Baseline characteristics of the 1161 included patients are presented in strata according to Prx4 levels (table 1). 137 Patients had a Prx4 level below 0.38 arbitrary U/L. Median (interquartile range, IQR) serum level of Prx4 was 0.79 (0.53 – 1.25) arbitrary U/L. Patients with Prx4 above the median were older, had a higher BMI, lower eGFR, lower HDL cholesterol levels, higher HbA1c levels, higher prevalence of albuminuria and less frequently received lipid-lowering drugs, although the percentage of smokers was lower. After a median (IQR) follow-up of 5.8 (3.1– 10.1) years, 327 (28%) patients had died, of which 137 (42%) were attributable to cardiovascular disease.

The survivors had lower median (IQR) baseline levels of Prx4 compared to the non-survivors [0.71 (0.48 – 1.05) arbitrary U/L] versus [1.05 (0.65 – 1.59) arbitrary U/L]; p<0.001.

Inspection of the Schoenfeld residuals and Stata’s ph-test showed no violations of the assumption of proportional hazards. The goodness of fit analyses indicated that the models for cardiovascular mortality as well as for all-cause mortality were well calibrated.

Increased levels of Prx4 were associated with higher rates of cardiovascular and all-cause mortality (Table 2). These associations persisted after adjustment for confounders in models 2 and 3.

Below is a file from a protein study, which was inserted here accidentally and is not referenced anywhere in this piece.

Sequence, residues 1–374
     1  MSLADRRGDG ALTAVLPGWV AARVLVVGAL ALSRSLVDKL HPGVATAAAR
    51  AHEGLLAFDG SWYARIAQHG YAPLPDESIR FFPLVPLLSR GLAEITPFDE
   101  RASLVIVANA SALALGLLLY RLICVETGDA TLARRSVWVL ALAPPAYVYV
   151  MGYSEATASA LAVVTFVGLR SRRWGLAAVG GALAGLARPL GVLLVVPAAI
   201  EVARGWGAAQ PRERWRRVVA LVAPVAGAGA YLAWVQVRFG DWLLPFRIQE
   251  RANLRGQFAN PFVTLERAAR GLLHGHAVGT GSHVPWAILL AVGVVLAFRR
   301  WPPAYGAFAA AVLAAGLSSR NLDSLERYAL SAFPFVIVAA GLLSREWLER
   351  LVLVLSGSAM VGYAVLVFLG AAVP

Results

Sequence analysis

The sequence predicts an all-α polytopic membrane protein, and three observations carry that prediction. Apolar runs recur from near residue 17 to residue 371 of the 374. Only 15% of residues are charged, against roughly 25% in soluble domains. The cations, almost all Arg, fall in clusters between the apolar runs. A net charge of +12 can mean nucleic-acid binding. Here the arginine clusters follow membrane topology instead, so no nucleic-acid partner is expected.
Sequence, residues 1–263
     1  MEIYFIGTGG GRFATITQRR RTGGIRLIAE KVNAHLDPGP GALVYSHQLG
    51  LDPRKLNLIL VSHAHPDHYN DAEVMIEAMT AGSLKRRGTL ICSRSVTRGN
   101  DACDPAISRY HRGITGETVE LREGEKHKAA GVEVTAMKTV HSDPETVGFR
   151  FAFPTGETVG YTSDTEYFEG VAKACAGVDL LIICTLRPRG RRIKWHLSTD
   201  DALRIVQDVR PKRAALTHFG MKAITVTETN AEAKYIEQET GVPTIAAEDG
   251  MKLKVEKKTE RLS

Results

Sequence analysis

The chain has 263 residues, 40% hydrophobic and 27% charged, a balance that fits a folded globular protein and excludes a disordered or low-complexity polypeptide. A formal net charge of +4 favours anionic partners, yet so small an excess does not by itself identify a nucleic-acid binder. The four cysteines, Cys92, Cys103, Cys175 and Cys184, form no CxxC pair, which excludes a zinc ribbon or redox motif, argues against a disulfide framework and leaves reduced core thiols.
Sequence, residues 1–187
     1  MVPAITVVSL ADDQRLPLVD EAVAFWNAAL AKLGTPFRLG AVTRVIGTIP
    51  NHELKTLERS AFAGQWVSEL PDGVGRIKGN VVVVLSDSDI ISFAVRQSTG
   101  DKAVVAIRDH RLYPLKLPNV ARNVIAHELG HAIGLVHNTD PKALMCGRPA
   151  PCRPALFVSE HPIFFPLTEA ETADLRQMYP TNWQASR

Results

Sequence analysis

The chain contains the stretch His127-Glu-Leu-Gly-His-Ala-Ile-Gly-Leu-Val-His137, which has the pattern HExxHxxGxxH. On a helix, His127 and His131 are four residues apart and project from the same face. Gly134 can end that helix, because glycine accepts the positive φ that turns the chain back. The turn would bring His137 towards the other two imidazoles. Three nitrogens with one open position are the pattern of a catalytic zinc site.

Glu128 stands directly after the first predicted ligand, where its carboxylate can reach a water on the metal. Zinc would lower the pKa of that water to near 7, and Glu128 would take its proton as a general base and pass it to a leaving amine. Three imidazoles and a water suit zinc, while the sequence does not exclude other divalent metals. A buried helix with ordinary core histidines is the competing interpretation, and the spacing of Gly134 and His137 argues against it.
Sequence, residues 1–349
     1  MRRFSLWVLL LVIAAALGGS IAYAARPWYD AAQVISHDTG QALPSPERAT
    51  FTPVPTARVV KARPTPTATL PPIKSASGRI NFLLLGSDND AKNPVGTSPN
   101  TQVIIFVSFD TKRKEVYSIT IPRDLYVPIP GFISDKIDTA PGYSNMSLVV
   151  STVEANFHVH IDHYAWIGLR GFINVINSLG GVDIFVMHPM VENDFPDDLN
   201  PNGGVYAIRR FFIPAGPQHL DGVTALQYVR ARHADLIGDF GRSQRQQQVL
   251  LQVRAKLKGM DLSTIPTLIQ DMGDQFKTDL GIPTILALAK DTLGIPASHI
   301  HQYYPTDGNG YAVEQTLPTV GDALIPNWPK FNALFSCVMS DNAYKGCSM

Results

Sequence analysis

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Table 2. Hazard ratios for cardiovascular and all-cause mortality of the logarithmically transformed Prx4.

https://doi.org/10.1371/journal.pone.0089719.t002

The Harrel’s C values, as presented in Table 2, show that with increasing numbers of confounders, the better the model predicted cardiovascular mortality and all-cause mortality. However, no differences in the C values were observed between models 3 (the fully adjusted model) and model 4 (the fully adjusted model without Prx4).

Furthermore, the IDI and NRI were positive in models 2 and 3 for both cardiovascular and all-cause mortality.

Concerning cardiovascular mortality, changes in classification for Prx4 with age and gender are shown in table 3 and with all known risk factors in table 4. For example: without adjusting for Prx4, 25 patients had been classified in the cardiovascular mortality risk group of < 10%. However, when Prx4 was added to this risk model, 6 patients were reclassified into the cardiovascular mortality risk group of 10 – 20%. Furthermore, out of a total number of 577 patients in the survivor group: 41, 2 and 1 patient(s) were reclassified into another category after adding Prx4 to the model.

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Table 3. Changes in classification for Prx4 with age and gender (cardiovascular mortality).

https://doi.org/10.1371/journal.pone.0089719.t003